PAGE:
All too often in college football, you hear about players having their attempts at transferring elsewhere be hindered or outright blocked by the coaches of their departing teams — no matter where they fall on the depth chart.
Things work differently within the Michigan football program, however, as seen with quarterback Alan Bowman. Now an Oklahoma State Cowboy, Bowman was recently interviewed by The Athletic’s Max Olson and Bruce Feldman, shining a light on his two years in Ann Arbor and the role Sherrone Moore played in him going to Stillwater.
Coming from the air raid scheme of Kliff Kingsbury at Texas Tech, Bowman was expected to compete for the starting job when he arrived in 2021. Instead, he found himself lost in the mix due to the intricacies of Michigan’s playbook.
“I showed up at Michigan in (June of 2021), thinking that I’d win the starting QB job in six weeks,” Bowman said. “I’d really never been under center before. I’d never taken a play-action drop in a live practice setting. Never worn a knee brace before, and I had to wear a knee brace. Never commanded a huddle. Never looked at anybody in the eye in a huddle. Never looked at a wristband. Now you’re telling me that there’s four different footworks for inside zone?”
In the end, Bowman threw only 11 passes as a Wolverine, hovering around the fourth slot of the depth chart his entire career. For the competitor in Bowman, it was torturous — for the student, both of the game and in the classroom, it was an unexpected golden opportunity.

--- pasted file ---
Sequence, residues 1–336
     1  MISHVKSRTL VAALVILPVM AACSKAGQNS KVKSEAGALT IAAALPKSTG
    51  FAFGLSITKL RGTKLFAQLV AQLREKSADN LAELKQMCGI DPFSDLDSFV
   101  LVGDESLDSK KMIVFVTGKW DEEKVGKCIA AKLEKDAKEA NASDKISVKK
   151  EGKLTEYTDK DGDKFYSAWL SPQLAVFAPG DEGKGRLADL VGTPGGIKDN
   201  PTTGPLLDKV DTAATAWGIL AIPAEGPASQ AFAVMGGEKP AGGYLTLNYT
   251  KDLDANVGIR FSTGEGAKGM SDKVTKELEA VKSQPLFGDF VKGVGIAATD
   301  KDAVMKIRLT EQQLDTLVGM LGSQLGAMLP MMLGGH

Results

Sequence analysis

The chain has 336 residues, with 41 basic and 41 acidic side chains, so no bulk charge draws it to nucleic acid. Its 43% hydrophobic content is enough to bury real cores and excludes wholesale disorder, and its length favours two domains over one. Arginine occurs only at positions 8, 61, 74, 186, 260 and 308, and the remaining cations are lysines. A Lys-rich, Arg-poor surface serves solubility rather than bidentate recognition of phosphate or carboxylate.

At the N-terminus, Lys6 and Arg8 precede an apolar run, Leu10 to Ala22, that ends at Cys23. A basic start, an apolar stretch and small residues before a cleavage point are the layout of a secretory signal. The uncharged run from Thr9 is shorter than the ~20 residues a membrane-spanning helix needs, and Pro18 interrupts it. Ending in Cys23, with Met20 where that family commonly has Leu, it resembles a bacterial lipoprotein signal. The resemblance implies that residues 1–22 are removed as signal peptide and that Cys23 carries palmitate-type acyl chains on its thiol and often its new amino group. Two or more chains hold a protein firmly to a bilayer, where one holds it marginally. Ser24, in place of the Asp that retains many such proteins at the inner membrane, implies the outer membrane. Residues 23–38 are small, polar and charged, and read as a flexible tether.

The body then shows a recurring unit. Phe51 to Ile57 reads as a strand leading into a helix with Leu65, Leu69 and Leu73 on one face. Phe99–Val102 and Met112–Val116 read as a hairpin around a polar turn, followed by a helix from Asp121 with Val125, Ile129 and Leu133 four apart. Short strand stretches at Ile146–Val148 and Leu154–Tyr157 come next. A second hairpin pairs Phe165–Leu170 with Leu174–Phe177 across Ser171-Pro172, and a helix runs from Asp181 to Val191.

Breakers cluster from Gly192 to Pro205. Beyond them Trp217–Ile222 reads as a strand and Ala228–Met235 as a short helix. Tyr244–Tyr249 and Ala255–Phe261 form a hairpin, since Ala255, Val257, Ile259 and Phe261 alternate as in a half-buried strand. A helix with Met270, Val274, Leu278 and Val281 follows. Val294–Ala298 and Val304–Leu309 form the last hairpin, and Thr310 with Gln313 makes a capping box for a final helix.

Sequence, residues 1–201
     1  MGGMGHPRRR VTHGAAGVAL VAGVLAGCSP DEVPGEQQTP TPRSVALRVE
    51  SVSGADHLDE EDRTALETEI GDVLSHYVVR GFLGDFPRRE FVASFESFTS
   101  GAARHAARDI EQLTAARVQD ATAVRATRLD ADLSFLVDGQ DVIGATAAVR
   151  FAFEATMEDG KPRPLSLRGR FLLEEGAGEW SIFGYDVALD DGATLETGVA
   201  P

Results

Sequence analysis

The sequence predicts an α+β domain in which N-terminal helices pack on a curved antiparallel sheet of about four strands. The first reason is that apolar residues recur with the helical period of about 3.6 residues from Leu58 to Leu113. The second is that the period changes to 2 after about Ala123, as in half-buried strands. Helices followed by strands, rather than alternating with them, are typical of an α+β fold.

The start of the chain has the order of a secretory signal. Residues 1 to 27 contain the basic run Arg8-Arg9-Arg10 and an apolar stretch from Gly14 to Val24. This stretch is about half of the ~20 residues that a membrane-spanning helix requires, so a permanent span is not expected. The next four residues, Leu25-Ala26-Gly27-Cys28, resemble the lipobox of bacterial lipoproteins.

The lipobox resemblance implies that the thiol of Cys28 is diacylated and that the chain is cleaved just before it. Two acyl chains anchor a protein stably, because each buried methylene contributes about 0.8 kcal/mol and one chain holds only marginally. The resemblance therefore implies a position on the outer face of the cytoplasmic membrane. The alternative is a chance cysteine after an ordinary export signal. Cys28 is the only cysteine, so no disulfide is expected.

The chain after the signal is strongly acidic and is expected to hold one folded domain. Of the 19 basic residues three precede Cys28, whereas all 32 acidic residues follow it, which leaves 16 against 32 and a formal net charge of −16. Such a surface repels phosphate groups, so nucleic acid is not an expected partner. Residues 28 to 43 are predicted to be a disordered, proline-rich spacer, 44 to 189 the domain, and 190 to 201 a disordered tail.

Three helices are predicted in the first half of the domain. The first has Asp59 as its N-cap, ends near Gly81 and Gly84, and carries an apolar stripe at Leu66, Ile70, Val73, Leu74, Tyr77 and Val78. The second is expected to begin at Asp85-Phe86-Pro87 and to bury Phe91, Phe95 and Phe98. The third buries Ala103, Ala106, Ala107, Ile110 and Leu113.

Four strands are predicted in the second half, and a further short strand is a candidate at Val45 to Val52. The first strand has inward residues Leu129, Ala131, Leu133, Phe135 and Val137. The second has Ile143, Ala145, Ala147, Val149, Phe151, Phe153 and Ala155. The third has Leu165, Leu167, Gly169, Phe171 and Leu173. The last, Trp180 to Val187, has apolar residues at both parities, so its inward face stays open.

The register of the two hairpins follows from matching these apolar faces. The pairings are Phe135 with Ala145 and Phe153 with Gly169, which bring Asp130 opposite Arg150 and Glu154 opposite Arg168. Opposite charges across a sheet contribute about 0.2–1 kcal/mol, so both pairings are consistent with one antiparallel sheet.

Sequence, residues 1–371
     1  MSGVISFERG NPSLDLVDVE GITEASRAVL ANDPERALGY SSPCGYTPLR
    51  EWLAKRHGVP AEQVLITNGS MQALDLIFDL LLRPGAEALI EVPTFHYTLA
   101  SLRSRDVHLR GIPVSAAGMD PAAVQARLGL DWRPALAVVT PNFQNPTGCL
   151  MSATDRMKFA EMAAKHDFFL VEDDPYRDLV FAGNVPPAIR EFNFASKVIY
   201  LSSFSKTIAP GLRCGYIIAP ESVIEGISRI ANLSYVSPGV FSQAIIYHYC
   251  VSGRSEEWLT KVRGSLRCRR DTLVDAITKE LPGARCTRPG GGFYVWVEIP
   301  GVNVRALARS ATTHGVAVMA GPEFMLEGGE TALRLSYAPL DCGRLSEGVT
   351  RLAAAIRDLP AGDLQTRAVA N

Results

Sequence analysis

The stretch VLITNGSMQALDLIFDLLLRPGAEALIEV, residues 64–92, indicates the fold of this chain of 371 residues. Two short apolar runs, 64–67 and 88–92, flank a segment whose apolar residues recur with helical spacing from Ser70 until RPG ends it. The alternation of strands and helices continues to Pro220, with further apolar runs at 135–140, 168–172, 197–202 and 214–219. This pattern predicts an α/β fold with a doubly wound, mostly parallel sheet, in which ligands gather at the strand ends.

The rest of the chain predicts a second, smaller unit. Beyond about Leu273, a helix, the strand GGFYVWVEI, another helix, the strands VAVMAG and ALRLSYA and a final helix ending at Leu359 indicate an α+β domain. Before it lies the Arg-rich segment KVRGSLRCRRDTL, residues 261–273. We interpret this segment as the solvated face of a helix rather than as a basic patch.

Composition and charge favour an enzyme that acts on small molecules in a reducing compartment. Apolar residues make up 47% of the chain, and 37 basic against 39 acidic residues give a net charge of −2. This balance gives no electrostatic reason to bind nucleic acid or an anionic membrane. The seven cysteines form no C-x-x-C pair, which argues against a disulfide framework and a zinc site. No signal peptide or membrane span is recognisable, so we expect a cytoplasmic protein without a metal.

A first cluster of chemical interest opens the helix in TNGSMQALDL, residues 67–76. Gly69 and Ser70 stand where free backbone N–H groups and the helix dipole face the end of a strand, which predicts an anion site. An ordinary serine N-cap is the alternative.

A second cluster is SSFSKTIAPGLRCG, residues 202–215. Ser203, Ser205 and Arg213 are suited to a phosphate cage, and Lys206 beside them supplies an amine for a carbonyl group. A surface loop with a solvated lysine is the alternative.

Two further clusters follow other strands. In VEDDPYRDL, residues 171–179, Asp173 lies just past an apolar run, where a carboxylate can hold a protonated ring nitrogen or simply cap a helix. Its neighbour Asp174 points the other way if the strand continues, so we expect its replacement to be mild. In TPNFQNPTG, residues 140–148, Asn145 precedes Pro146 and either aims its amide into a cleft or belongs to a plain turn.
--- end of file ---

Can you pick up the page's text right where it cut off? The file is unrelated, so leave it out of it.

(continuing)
“There were times when I was at Michigan, and I’d come home late at night and look at my girlfriend, and I cried because I was so frustrated with the situation that I was in, and I’d felt like there was no way out,” Bowman said. “I looked at her and said, ‘I don’t know what I’m gonna do.’
“After my first year at Michigan, being behind (Cade McNamara), I could’ve left, but I realized I was at one of the best business schools in the country and getting like the second-best supply chain master’s degree in the world. I thought, ‘I’m gonna knock out this degree in two years, and then I’m gonna have one more year, potentially two if we get a waiver.’ I just stayed the course.”
As the end of the 2022 season came into focus for Bowman, the Wolverines rewarded his dedication in two ways — allowing him to speak with other coaches while continuing to participate in team activities, and as in the case of Moore, actively scoping out potential landing spots for one of their own.
“Hey. Just talked to Oklahoma State. Hooked you up,” Bowman said Moore told him in a phone conversation following the College Football Playoff. “It’s a great situation. You need to go.”
Moore’s advice proved to be cognizant, as after a conversation and film review with the Oklahoma State coaching staff, Bowman found the knowledge gained from his time at Michigan translated in a potentially massive way for the Cowboys’ offensive scheme.
While he might not have gotten all that he wanted from his time in Ann Arbor, Bowman admitted he got more than what he needed to succeed in his next stop.
“Going to Michigan was not a waste,” Bowman said. “I don’t regret going there because I think it’ll pay off this year, and I have the degree.”